Memes, trolls and cartoon drawings often mock obese/overweight people. Such individuals are often stared at, disproved of and seen as a pain in public places and travel modes. How would you like to sit near an overweight/obese person who occupies more than 50% of your travel space too during train or flight journeys? We hate it and all the more, there is no solution for such problems. Either we get off the vehicle or the person reduces weight-both of these are not immediately feasible options and we are forced to bear the brunt of the problem. During one of my flight journeys, I was destined for the middle seat in a three-seater. I quickly boarded the flight and waited in anticipation to meet and greet my fellow passengers. Alas! I was squeezed in between two hefty people who were completely sorry for me, kept apologizing repeatedly but could do nothing more. Such situations are unavoidable. I cannot question on the weight of my fellow passengers near the security check nor there is an option to give my choice of seating (if this was available, every man traveling alone would even insist on sitting besides a beautiful lady 😊). So, what is the solution to this problem? Increase seat space and accept obesity? Though this seems to be an unfair solution, this is the current scenario!
Increased Seat Space
Many hospitals and restaurants are now having bigger chairs and sofas to accommodate bigger people. These chairs and sofas are almost double the size of what is a normal-size chair. Plus-size clothing brands such as Mustard, All and much more have sprung up and made themselves visible in every mall we travel. Fat people are not cursed and they do need to wear classy and stylish clothing. But, there are some women who feel that they have shifted from size 10 to size 8 even when their weight remained unaltered and the dress size still seemed like size 10. What has happened? Brands are standing by their brand value and customer satisfaction-satisfy your customer at any cost, even when it takes you to hide the truth! These brands love to provide mental satisfaction to their customers and make them feel good (in reality, they are still obese and too heavy).
These examples clearly show that we are trying to accommodate larger people in all possible aspects of life. A theatre or theme park built today is designed to accommodate overweight or obese people. Seats are bigger, weight load is enormous and so on. Once I remember visiting a theme park and standing in line for a water ride. The ride had a weight restriction of 75 kgs and the gentleman ahead of me was extremely upset after being rejected for the ride. He would have easily weighed more than 90 kgs. If the gentleman is still maintaining the same weight, he could easily go for a water ride in the present-day theme parks as they are engineered to accommodate hefty people as well (one way of attracting more people and minting more money). All these lead to the one question of fat acceptance. Even some celebrities, models and fashionistas support obese people, say that fat is normal and must be accepted unanimously by all. They strongly oppose against discriminating, shaming or showing bias against overweight/obese people.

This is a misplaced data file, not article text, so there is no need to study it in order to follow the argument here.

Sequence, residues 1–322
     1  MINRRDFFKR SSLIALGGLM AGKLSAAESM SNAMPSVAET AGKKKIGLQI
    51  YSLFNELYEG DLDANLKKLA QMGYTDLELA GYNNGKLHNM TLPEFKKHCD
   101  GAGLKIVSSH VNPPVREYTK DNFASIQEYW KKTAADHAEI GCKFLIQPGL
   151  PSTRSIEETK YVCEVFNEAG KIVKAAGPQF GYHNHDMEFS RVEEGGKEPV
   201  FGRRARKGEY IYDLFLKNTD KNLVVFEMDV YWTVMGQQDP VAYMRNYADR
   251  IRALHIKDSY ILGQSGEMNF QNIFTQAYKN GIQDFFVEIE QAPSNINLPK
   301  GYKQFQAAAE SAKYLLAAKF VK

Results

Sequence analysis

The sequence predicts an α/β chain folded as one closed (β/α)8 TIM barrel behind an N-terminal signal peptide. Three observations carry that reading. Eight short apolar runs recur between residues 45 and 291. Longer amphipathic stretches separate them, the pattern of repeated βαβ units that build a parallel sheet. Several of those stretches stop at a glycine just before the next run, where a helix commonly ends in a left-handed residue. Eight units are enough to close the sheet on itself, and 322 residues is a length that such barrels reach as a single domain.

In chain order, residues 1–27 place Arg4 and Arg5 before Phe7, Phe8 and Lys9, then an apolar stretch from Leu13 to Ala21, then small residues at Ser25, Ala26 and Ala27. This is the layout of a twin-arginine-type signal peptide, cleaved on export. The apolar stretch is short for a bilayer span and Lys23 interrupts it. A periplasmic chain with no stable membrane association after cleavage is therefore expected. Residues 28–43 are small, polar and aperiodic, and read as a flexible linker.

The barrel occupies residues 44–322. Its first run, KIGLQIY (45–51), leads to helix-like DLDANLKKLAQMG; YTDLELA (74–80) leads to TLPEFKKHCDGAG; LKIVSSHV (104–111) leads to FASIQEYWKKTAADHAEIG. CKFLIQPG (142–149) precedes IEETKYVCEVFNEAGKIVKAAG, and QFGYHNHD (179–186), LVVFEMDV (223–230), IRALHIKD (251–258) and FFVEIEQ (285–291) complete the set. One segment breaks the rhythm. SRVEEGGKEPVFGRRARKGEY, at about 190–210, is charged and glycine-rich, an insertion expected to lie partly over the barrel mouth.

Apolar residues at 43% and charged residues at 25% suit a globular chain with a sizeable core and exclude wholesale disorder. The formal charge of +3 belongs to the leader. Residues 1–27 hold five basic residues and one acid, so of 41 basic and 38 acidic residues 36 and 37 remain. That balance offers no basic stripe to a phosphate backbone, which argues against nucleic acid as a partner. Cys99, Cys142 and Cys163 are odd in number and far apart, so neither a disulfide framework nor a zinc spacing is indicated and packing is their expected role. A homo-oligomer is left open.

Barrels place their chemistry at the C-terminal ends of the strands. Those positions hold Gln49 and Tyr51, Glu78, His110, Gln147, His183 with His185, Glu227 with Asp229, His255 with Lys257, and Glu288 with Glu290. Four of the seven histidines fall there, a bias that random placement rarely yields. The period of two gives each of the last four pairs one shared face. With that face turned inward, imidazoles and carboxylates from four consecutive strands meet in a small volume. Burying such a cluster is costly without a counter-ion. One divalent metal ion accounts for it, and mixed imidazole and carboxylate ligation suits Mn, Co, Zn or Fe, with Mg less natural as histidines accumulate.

Common But Not Normal
The problem at hand is interesting yet intriguing. There is a need to resize the world. No point building chairs on which people cannot fit. Airlines face this problem quite often when people hoard questions and complaints over them when they don’t have a comfortable seat to sit after paying thousands of rupees.
Taking a stand against shaming fat people is ok but arguing that fat is normal is not ok. Obesity/overweight is the cause for numerable health problems in our country and worldwide. More than one-third of the world’s population weigh in excess due to urbanization, poor diet and inadequate physical activity.
Obesity causes diabetes epidemic, arthritis problems and cardiovascular issues. Journal studies show that increasing number of people are dying from problems related to obesity such as cardiovascular disease. More than 2.2 billion people were obese/overweight in 2015 of which 710 million were classified as obese (this included 5% of all children and 12% of adults). 40% of the 410 million dying due to weight-related (higher BMI) issues were not yet obese but chances of death occurred as often in those considered overweight as in those classified as obese.
If we think that body shaming is going to do the trick and make these people take the right action towards becoming thin, then that’s not going to solve the problem. Neither do we have evidence that shaming somebody asking them questions such as “Are you not embarrassed to order for a burger despite being overweight?” or “Don’t you feel guilty occupying my space too?” works out and helps them lose weight. Individuals must take the right step towards curbing obesity epidemic by eating healthy food, doing exercise and leading an active lifestyle. Getting in touch with a registered dietitian nutritionist at www.firsteatright.com can help to ease this process and make it workable. That’s the way to manage obesity epidemic and not fall a prey to the fact that fat is normal. It might be common, but it is not normal.
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Dietitian & Nutritionist Dr. Nafeesa Imteyaz.